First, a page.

SO, WHO'S GONNA BE THE MANUFACTURER THAT BRINGS OUT A READ/WRITE TYPE VINYL/SHELLAC RECORDER THAT BURNS THE MEDIA IN A DIGITAL FORM,.....BET YER *** SOMEONE SOMEWHERE IS WORKING ON IT?

RGARDS,

GERONIMO.

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How long do burned cds last?
Feb 11, 2008 2:31AM PST

There is a lot of discussion and differing views regarding what labeling methods corrupt data on discs and what methods doesn't. There seems to be two camps here. Those who say that discs can be corrupted by labeling methods and those that say they have never experienced any data corruption. Fine. Both are correct but may I suggest that where there is smoke there is fire? Obviously certain inks and adhesives can cause data loss in certain discs under certain conditions. Why take a chance and why press your luck? If something was worth burning and labeling to begin with why not do everything you can to protect your discs? When playing Russian Roulette you have an 83% chance of not having your head blown off. Still those are tough odds when so much is at stake. Why not swallow your pride and just label your discs with an unquestionably safe method? I use a DiscPainter to label my discs. It prints on printable discs which offer an extra layer of protection against data corruption. The ink used is water based and not solvent based. I don't know about you but I would rather play Sicilian Roulette. That's a game where you know you will always win.

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Don't forget redundancy
May 20, 2008 2:32AM PDT

Even though nothing lasts forever but surely things can last very long. The same thing should apply to CD/DVD-Rs. The question is how. I myself made a lot of backups on DVD-Rs, and yes some of them, after awhile, are not flawless in terms of pefect readibiliy. Some bytes will eventually become unreadable, rendering files that contain them unusable. However from my experience, I learn several tips (some of which were also mentioned somewhere in the other posts).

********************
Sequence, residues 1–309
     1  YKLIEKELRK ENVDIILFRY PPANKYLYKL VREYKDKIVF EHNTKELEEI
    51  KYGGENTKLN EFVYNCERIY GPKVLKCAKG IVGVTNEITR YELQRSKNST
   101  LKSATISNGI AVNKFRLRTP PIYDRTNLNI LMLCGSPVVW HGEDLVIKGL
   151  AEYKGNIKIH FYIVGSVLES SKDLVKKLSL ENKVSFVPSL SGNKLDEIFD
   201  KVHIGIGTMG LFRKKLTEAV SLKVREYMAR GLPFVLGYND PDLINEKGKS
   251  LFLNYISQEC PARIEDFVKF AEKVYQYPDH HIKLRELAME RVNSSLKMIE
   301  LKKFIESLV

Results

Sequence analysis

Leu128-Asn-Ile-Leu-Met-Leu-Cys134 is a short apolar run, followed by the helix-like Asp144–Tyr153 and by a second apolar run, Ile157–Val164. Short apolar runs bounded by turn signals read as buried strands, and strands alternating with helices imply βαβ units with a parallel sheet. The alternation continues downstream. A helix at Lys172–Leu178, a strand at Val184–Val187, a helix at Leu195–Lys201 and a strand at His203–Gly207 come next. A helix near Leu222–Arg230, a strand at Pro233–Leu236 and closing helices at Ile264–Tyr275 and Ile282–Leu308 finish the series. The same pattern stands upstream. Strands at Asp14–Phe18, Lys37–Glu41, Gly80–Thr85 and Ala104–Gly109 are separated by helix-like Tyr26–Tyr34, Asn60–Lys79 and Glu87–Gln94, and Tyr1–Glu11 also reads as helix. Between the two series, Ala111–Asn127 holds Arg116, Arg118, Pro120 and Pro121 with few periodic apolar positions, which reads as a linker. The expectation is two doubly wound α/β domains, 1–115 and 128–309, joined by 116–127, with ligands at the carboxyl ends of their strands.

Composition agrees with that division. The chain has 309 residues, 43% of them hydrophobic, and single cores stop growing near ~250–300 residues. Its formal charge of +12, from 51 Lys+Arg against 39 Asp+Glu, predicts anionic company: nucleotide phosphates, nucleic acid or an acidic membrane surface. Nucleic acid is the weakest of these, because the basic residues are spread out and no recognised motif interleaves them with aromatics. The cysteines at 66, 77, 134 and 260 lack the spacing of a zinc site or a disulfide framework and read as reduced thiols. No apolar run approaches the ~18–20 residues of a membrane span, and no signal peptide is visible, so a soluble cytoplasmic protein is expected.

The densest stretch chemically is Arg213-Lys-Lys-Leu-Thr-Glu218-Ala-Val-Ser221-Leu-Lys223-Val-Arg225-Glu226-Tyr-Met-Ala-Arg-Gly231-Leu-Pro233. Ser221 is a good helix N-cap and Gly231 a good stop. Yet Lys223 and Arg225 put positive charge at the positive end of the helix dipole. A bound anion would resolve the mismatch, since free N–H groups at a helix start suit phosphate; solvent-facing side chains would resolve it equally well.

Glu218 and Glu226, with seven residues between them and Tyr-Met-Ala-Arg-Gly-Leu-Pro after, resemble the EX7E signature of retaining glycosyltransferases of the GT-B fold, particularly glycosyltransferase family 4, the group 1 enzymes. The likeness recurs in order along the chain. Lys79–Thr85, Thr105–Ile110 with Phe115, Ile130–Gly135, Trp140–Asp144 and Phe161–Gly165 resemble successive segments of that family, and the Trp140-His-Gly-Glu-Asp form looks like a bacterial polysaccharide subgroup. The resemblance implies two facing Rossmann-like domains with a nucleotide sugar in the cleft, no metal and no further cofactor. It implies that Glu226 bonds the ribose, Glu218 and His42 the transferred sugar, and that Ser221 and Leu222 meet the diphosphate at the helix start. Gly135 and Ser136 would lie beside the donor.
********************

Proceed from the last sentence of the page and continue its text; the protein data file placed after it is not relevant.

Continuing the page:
1. Do not use the full capacity of the disk (especially for DVDs). A single layer DVD can hold up to 4.7GB. Use around 4 GB only. As you will notice, usually (if not most of the times) unreadable bytes take place in the outer part of the disc (near the edge). Unreadable bytes not only happen because of the physical factor (scratch, etc) but also happen because of weak laser. Some old drives have difficulty reading data on the outer part of the disc. This also suggest to never use the overburn feature.

2. Do not write with maximum speed. Although I can't prove it scientifically, I believe that writing with medium speed results with better writing on the media.

3. Despite of the brands, careful handling and storage of the media is crucial. Basic known facts are to keep them in a cool, dark place. What I can add is, use silica gell to control humidity in the storage place.

4. Do not use the backup CDs for daily data retrieval. The more often the CDRs are used, the bigger chance they can be corrupted by many factors. So, just backup (and make sure it is written successfully) and keep them. Do not use it for daily purpose, but only in times of emergency (like data restore).

5. Always prepare to create a new set of backups after every period of time. As for me, I check my CDs every year. So far, even four-year old DVDr are still okay (I started using DVD-Rs about 4 years ago). For CDs, some of mine are already over ten years old and they're all practically okay.

Having said that, don't forget redundancy. Having multiple sets of backup discs that contain the same data won't hurt. Even though the data are still perfectly intact in the media, after a period of time you might want to create a new set of backups. After along time, you will have several sets. In case of unreadable bytes, no two CDs would lose bytes on the same spot, so, having multiple sets will help to restore broken files.

So, backing up to CD/DVD-r? Why not!